Bill allowing e-filing service passes House, Senate

Attorneys tired of filing services of notice by snail mail are closer to the option of doing so electronically, now that both bodies of the Indiana Legislature have approved a measure that would do so.

Senate Bill 208 would allow an individual to use electronic filing of service instead of certified notices in certain cases if e-filing of service is authorized by rules adopted by the Indiana Supreme Court. Rep. Greg Steuerwald, R-Avon, informed the House on Monday that the measure would bring conformity to Indiana statutes after the Indiana Supreme Court’s 2015 decision to move pleadings and motions to electronic filing.

“You don’t have to serve by certified mail, you can simply serve electronically also,” Steuerwald said.

During prior discussion on the Senate floor, author Sen. Mike Young, R-Indianapolis, described the bill as a lawyerly measure that addressed attorneys’ current requirement to file initial services by certified mail, a method he finds to be obsolete. Young advocated that the bill would save clients’ costs if attorneys were able to file services electronically.

SB 208 previously passed the Senate 46-3, and the bill passed the House on Monday, 93-1.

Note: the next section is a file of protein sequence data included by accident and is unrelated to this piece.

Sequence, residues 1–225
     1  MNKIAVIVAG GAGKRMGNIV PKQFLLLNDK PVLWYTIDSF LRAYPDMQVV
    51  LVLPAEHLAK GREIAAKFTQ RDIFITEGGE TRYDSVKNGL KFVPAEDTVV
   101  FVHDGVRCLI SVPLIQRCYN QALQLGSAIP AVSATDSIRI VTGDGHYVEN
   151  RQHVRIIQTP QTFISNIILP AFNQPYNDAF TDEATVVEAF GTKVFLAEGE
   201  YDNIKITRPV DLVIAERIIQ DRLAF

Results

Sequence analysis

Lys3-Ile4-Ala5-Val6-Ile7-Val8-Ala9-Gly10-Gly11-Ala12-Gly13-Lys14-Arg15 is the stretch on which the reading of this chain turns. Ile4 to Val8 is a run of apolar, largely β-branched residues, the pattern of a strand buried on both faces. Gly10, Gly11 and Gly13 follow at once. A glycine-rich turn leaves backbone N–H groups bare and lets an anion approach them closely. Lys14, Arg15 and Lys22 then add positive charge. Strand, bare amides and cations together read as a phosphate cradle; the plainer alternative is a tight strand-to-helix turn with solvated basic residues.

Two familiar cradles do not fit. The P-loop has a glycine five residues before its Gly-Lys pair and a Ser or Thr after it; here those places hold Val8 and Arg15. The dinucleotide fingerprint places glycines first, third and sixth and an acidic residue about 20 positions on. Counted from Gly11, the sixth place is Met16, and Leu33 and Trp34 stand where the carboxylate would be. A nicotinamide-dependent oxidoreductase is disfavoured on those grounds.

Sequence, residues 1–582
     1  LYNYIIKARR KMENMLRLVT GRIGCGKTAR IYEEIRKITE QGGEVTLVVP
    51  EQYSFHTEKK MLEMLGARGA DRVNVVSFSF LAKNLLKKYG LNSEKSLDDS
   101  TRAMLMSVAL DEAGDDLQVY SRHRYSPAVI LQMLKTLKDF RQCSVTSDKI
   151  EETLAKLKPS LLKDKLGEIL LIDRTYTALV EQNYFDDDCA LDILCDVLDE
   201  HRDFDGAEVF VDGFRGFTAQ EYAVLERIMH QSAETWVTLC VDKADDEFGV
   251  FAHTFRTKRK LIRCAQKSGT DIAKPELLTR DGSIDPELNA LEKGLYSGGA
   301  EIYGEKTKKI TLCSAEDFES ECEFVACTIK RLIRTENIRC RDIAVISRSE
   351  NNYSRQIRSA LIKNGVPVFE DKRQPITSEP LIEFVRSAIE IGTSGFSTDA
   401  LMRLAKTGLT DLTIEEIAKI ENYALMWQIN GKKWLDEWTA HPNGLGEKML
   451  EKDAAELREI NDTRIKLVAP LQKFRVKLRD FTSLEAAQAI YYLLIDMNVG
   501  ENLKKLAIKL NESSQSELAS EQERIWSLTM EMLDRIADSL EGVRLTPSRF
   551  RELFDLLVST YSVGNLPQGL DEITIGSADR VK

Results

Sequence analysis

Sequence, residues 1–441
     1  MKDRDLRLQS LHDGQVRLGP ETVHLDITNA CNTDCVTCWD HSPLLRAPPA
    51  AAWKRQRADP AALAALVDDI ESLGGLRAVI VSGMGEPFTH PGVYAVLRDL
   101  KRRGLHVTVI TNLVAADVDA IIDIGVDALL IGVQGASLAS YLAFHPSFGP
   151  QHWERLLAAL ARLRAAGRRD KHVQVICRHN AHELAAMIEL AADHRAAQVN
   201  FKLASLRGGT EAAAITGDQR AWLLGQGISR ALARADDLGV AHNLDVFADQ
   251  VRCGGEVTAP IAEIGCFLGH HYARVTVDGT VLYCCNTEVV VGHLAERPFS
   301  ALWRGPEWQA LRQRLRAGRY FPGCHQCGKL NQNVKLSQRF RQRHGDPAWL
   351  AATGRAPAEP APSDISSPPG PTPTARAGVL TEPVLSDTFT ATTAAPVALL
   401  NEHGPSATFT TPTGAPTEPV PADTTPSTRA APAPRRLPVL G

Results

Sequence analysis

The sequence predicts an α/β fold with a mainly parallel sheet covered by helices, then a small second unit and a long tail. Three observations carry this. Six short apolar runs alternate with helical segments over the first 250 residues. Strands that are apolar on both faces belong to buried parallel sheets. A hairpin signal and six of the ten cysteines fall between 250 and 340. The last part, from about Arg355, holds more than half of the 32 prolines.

Rep. Peggy Mayfield, R-Martinsville, said she voted against the measure in an overabundance of caution. As a former clerk, Mayfield said her concerns circled around whether electronic services would extend to pro se litigants through the bill’s language, in addition to attorneys. 

“I don’t want someone going to court for summary judgment because they didn’t read their email,” Mayfield said. “If you’re an attorney that’s one thing, but if you’re a self-represented litigant, that’s different.”

Adding that the notice of service is important to both parties, the representative said she wanted to be certain non-attorneys would continue to receive certified mail services before she voted yes. 

“It’s not even a close vote or a highly controversial topic,” she noted. “I wanted to make sure that the general public in court needs to have more leeway than just the electric notification.” 

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